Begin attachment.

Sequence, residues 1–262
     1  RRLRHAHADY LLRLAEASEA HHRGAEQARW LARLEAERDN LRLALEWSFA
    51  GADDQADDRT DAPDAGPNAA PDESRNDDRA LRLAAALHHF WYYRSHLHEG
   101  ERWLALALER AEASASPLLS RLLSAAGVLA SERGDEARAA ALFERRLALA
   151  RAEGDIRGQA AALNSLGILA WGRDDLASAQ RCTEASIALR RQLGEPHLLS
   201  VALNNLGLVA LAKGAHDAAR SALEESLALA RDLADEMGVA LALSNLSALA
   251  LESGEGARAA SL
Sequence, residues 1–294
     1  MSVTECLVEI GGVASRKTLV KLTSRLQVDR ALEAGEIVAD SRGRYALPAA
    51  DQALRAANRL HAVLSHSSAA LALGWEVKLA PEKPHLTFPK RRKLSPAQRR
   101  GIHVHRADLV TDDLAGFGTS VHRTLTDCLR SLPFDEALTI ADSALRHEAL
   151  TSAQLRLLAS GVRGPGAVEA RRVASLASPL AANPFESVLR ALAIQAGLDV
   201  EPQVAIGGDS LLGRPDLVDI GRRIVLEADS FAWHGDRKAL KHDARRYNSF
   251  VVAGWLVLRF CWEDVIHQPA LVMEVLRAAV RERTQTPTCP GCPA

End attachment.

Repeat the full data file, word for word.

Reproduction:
Sequence, residues 1–262
     1  RRLRHAHADY LLRLAEASEA HHRGAEQARW LARLEAERDN LRLALEWSFA
    51  GADDQADDRT DAPDAGPNAA PDESRNDDRA LRLAAALHHF WYYRSHLHEG
   101  ERWLALALER AEASASPLLS RLLSAAGVLA SERGDEARAA ALFERRLALA
   151  RAEGDIRGQA AALNSLGILA WGRDDLASAQ RCTEASIALR RQLGEPHLLS
   201  VALNNLGLVA LAKGAHDAAR SALEESLALA RDLADEMGVA LALSNLSALA
   251  LESGEGARAA SL
Sequence, residues 1–294
     1  MSVTECLVEI GGVASRKTLV KLTSRLQVDR ALEAGEIVAD SRGRYALPAA
    51  DQALRAANRL HAVLSHSSAA LALGWEVKLA PEKPHLTFPK RRKLSPAQRR
   101  GIHVHRADLV TDDLAGFGTS VHRTLTDCLR SLPFDEALTI ADSALRHEAL
   151  TSAQLRLLAS GVRGPGAVEA RRVASLASPL AANPFESVLR ALAIQAGLDV
   201  EPQVAIGGDS LLGRPDLVDI GRRIVLEADS FAWHGDRKAL KHDARRYNSF
   251  VVAGWLVLRF CWEDVIHQPA LVMEVLRAAV RERTQTPTCP GCPA